August 10, 2011 in City

Ponzi scheme victim objects to plea deal

By The Spokesman-Review
 

A former Sandpoint real estate agent has pleaded guilty to six federal felonies for a Ponzi scheme that bilked investors out of $2 million.

Dale Edward Lowell, 59, now of Colbert, faces up to 20 years in prison when he’s sentenced in October, but a plea deal approved Tuesday in U.S. District Court calls for prosecutors to ask for a low sentence and $1.7 million in restitution.

That doesn’t sit well with Jeffrey Bales of Sandpoint. His now ex-wife met Lowell when he worked as a pianist at the Church of the Nazrene in Sandpoint. The two began a secret affair, and Bales’ wife persuaded him to invest nearly $180,000 in Lowell’s investment scheme, “Dale’s Investment Club.”

“It really means nothing to me,” Bales said of the restitution requirement. “I don’t know of any way he has the ability to provide restitution.”

Lowell, who with his public defender Jaime Hawk declined comment after the hearing, is living with his parents and has transferred his assets to other family members, Bales said. He remains out of custody awaiting his Oct. 31 sentencing in Coeur d’Alene for six counts of wire fraud.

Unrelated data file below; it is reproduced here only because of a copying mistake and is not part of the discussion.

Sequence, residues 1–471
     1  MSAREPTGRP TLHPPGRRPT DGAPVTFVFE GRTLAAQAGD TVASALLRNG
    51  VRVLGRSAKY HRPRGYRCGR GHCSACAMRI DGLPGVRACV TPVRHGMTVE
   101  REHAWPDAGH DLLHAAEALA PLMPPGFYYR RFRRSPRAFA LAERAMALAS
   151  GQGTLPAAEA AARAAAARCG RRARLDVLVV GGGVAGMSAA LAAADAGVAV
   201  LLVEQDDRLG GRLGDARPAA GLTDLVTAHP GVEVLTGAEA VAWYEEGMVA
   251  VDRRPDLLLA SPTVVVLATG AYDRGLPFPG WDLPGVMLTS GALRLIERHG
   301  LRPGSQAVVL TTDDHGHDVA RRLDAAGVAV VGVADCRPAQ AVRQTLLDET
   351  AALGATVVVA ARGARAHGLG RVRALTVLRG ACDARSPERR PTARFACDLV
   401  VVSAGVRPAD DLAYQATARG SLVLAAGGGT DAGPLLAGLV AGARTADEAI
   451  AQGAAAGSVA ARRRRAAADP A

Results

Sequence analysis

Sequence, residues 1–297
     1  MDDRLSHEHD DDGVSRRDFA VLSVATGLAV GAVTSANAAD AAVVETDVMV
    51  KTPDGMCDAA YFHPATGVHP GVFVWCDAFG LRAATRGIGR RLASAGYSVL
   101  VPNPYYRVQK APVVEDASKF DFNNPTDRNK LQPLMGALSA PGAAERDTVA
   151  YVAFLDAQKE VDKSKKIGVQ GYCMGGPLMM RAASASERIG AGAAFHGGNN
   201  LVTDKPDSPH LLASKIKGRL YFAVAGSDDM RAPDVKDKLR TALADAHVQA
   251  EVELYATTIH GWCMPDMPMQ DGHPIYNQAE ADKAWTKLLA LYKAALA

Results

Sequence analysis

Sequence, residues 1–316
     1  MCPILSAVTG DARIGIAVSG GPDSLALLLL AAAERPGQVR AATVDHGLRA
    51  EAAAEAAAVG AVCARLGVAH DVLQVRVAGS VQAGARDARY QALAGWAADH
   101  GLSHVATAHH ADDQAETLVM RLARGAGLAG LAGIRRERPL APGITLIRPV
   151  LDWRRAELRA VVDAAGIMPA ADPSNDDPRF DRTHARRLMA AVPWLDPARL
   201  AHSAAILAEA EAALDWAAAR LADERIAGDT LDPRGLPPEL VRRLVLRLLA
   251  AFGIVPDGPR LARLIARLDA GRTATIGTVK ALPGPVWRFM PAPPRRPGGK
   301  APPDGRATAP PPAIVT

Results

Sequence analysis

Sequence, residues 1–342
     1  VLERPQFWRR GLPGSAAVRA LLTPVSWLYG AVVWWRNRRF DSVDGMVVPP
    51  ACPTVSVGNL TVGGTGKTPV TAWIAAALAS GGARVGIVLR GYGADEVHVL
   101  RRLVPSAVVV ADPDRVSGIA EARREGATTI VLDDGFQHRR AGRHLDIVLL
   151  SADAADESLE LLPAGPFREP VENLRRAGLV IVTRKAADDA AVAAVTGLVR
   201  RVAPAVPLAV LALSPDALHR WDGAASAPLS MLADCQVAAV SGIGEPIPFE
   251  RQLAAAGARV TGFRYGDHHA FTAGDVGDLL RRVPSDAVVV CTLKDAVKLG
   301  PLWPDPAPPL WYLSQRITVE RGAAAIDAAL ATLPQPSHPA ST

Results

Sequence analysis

A Bonner County judge has already ordered Lowell to repay about $2 million, but Bales said no one has seen a dime.

“I’m barely able to keep my home,” Bales said. Bales said he lost his sons’ college savings and has accrued $240,000 in debt.

Bales said he’s hopeful Lowell will face substantial time in prison. Otherwise, Bales said, “this would show that the risk of getting caught is worth the payout.”

Lowell’s son was ordered in April 2010 to repay money used to buy a home by selling the house, but Bales said the family had taken a second mortgage, so the sale money went to a bank.

Lowell was sued by the state of Idaho in May 2009 after he allegedly bilked 23 investors by guaranteeing returns of 10 percent per month based on trade in stock options. But Lowell never made money for his investors or for himself, court documents say, and he began paying early investors with money from subsequent investors starting in 2005. In 2008, he began promising to double investor money in four months.

But just before lawsuit, Lowell emailed investors and said “99.99 percent of all representations by me have evolved into being 100 percent false,” according to previously published reports.

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